RICHMOND, Va. (AP) The Rev. Todd Pyle thought it was the perfect spot to baptize 12 new members of his church the river was calm and shallow and there was a shaded area offshore for people to stand.
But officials at the Falmouth Waterfront Park just outside Fredericksburg weren't pleased. They tried to break up the religious ceremony, claiming it might be offensive to swimmers nearby or others using the park. After Pyle finished the baptism, he was asked to leave.
Now free-speech advocates are outraged and are threatening to file a lawsuit if the park refuses to allow future gatherings by religious groups, something the park admits it has no written policy against.
''These people are being discriminated against because of the content of their speech,'' said the Rev. Patrick Mahoney, who heads the Christian Defense Coalition. ''It's one of the most egregious violations of the First Amendment I have ever seen.''
Pyle said few people seemed to notice the small congregation during the 30-minute ceremony on May 23.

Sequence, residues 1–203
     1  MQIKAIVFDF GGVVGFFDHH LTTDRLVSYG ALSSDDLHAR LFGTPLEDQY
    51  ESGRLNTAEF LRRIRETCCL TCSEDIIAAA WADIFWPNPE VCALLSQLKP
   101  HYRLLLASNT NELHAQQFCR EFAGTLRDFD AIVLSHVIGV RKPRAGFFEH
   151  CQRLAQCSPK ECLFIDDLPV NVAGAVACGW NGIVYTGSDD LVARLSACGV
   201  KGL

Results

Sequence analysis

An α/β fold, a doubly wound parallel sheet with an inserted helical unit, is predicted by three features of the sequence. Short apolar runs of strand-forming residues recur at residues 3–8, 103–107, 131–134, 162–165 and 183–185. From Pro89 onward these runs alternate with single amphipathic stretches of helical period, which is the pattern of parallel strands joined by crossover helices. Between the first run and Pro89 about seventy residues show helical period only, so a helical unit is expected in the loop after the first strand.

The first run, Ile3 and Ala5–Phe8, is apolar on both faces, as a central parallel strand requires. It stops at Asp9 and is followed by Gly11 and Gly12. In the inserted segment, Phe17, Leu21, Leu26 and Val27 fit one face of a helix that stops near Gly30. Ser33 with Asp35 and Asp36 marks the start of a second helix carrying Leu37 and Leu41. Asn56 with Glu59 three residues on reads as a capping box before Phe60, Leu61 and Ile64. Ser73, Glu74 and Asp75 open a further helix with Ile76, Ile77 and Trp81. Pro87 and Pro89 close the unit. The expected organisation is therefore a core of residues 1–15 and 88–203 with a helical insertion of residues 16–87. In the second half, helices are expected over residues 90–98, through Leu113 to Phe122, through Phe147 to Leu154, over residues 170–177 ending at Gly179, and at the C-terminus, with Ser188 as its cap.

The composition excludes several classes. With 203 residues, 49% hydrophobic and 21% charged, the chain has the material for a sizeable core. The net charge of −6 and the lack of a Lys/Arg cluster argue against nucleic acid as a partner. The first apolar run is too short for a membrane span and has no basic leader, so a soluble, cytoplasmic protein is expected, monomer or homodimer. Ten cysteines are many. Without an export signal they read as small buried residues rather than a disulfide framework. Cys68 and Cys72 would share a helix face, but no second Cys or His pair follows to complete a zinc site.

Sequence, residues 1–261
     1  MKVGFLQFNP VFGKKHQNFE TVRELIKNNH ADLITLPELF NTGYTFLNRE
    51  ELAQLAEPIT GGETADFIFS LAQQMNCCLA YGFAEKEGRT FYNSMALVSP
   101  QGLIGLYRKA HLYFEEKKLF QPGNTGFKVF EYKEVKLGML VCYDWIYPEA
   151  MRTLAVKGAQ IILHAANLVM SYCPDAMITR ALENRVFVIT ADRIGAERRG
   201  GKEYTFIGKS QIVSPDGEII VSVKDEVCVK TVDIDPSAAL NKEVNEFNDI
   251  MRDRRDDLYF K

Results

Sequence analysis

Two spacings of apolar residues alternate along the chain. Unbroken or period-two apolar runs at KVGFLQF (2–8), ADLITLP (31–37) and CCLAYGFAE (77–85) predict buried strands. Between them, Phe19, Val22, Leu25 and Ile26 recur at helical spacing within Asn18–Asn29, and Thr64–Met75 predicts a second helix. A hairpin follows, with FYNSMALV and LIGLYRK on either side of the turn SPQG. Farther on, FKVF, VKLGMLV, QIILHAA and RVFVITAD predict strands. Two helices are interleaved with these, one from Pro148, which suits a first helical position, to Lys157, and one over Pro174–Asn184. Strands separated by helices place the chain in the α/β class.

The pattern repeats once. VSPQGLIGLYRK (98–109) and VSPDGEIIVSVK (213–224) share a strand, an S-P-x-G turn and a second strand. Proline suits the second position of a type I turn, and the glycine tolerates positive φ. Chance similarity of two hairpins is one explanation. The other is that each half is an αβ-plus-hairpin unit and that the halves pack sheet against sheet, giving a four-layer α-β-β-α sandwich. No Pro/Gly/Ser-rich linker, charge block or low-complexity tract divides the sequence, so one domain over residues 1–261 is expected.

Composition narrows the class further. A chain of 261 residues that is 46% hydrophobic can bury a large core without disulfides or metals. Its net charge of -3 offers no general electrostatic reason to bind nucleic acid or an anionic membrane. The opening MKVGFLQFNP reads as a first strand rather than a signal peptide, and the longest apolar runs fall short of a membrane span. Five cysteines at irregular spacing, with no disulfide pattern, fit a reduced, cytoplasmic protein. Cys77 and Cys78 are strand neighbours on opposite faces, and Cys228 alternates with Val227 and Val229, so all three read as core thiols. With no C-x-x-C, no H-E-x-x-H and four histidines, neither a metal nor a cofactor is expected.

But park officials said religious groups seeking to perform a service in the park still need to apply for a permit or else gather under a shelter or inside an activity center.
''We don't want to tread on anybody's First Amendment or constitutional rights,'' said Brian Robinson, director of the Fredericksburg-Stafford Park Authority. ''What we try to discourage is anything not formally permitted that just sort of occurs spontaneously.''
Robinson said the park's board has formed a committee to examine its policy and put it in writing. If the church applies for the proper permit, he said it's ''certainly possible'' they would be granted permission to use the river for another baptism.
''This group just showed up and began their service,'' he said. ''We would have the same issue with the Washington Redskins showing up on our football field.''
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